A week ago, while scanning my inbox, I noticed a rather strange announcement from a student club:
A group of students, of their own free-will (ha!), discussing theological fatalism? I’ve been out of the classroom for a while, but I would have to say this was an outlier. The Tea Club, as I discovered later, was a student organized club (comprised primarily of Sophomores) with the following mission:
Tea club offers students a comfortable, civil and respectful atmosphere to discuss philosophical and political topics over a hot cup of tea.
The world could certainly use more of this. I was intrigued, so I dropped by to see it in action.
As I walked in the door of Dr. deGravelles' room, the conversation was underway. About ten students had arranged desks in a circle of sorts. One student would pose a question about the topic; “what do you think”, or, “what does this mean,” were par for the course. Other students would respond, some informing their answers from their faith or using logical arguments and reason to stake out a position. Positions were challenged and rebutted, but with unusual grace for teenagers.
The topic was interesting, yes, but the subtle action occurring below the surface of the conversation gave me hope for the future. Ideologically, the students in the room represented opinions ranging from conservative to liberal. Their religious backgrounds varied. Some were athletes, some were not. Some were budding artists and some were quiet students on the campus and in the classroom. They were a cross-section of Episcopal. They didn’t necessarily agree on any conclusion and challenged each other, but they remained in the room, at the table, engaged and listening.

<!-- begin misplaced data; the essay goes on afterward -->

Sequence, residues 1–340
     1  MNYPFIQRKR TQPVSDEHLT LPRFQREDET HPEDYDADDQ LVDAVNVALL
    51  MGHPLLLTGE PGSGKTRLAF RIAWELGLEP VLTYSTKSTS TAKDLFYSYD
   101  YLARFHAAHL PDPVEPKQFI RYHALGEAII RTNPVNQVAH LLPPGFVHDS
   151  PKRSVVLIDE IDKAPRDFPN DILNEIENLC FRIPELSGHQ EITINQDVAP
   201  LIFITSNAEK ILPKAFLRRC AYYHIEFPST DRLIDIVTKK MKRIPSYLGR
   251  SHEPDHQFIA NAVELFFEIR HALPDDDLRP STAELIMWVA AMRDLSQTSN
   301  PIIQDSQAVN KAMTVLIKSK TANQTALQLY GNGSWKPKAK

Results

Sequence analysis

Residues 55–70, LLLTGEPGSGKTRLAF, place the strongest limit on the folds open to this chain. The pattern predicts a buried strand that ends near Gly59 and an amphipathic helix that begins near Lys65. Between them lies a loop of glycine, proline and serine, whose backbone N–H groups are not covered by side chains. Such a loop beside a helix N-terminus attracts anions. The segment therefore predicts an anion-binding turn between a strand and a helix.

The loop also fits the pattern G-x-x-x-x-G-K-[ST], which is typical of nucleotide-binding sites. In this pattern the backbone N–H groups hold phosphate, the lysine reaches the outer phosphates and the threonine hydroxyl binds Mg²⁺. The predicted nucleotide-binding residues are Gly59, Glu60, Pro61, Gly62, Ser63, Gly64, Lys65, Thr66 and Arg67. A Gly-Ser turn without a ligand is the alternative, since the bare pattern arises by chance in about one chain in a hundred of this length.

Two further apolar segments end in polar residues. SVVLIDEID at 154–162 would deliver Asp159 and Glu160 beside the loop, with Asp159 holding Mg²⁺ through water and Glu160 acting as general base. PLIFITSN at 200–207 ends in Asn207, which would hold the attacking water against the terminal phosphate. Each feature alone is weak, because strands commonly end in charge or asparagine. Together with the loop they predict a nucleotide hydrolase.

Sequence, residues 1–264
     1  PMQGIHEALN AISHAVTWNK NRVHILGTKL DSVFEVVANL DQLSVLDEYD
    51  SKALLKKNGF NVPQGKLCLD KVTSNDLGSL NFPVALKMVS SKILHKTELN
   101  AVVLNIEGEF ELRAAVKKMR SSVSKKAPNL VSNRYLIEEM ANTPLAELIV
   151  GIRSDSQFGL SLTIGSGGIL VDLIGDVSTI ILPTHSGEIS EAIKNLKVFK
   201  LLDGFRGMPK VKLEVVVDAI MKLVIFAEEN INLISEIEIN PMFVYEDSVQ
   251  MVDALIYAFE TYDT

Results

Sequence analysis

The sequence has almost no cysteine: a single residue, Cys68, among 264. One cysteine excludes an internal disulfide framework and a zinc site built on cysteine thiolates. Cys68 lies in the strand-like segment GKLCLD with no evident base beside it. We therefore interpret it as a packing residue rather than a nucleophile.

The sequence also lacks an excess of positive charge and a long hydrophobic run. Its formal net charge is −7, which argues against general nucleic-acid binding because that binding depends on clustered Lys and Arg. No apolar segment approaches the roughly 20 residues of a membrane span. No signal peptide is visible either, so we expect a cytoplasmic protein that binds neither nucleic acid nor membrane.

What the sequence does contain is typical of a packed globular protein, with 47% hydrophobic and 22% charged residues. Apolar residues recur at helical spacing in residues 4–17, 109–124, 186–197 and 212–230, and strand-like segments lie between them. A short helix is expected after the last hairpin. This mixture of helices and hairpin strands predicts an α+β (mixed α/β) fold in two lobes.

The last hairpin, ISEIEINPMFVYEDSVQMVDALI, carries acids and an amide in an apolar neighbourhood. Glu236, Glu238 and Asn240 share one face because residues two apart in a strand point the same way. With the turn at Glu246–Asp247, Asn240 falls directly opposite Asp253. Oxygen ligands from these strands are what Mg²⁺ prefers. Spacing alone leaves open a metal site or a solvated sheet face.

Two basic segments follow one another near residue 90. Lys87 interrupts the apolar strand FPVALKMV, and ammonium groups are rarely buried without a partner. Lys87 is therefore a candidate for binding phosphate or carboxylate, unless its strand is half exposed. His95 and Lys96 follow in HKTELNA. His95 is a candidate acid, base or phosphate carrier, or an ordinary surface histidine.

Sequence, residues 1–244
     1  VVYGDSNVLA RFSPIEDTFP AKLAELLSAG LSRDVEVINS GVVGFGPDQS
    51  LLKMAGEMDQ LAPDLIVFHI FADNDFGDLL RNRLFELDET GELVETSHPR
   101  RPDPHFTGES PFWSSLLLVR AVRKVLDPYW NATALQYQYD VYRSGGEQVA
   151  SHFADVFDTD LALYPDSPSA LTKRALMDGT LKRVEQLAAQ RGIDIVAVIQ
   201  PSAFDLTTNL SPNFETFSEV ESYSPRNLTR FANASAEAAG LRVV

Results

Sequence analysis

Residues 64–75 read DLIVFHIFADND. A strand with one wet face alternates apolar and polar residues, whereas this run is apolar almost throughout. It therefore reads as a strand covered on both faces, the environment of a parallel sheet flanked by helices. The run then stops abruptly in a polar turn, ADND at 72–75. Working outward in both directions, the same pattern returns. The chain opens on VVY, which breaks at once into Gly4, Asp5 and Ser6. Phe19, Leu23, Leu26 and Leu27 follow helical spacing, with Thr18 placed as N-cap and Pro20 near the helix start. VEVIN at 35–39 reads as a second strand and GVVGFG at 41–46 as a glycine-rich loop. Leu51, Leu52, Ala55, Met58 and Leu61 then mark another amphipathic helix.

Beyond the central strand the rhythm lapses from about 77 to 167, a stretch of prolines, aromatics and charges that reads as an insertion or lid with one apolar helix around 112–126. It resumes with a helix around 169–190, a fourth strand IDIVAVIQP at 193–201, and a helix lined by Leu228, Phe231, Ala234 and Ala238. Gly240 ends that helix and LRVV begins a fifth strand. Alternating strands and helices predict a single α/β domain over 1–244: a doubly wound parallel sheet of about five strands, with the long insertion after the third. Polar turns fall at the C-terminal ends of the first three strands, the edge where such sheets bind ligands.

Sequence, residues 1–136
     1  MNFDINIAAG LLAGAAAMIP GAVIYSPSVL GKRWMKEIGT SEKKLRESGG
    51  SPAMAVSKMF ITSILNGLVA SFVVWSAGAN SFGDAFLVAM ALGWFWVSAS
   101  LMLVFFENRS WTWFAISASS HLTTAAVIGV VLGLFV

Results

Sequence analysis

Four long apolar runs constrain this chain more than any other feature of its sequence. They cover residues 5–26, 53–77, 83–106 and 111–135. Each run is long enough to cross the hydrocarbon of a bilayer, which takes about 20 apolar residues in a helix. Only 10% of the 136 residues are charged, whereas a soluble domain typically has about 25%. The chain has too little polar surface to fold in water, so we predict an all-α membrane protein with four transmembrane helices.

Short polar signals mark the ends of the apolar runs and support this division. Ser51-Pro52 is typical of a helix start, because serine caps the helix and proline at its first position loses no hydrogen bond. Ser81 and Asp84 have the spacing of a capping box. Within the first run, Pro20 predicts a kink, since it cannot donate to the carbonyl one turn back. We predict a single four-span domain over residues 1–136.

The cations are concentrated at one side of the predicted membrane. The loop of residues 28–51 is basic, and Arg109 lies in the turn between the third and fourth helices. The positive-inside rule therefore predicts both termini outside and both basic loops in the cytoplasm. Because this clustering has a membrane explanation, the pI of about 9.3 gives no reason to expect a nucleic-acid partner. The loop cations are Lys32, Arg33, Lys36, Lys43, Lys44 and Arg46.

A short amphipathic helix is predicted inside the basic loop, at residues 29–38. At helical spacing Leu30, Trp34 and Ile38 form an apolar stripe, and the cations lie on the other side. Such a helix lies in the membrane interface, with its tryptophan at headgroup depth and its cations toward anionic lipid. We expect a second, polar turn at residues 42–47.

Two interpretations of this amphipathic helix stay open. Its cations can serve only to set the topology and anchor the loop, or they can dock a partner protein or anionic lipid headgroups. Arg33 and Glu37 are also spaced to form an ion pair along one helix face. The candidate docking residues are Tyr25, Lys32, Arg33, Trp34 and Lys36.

I was fortunate to witness the powerful combination of student interest coupled with the excellent coaching of club sponsors, Dr. Khun and Dr. deGravelles. This thirty minute club meeting was demonstrating to those involved that diversity of thought and civility is foundational to the discussion and understanding of ideas.
I’d imagine if you ask most of the members of tea club why they participate, you would get a range of answers. For some, it’s a place to be heard, for others a place to learn about new ideas, or it might be a place where they feel they belong. The same holds true for the broader Episcopal community. Faculty, staff, students, administrators, and parents all bring unique perspectives to the table. Diversity of thought, experience, and culture make our community stronger, #StrongeruKnighted.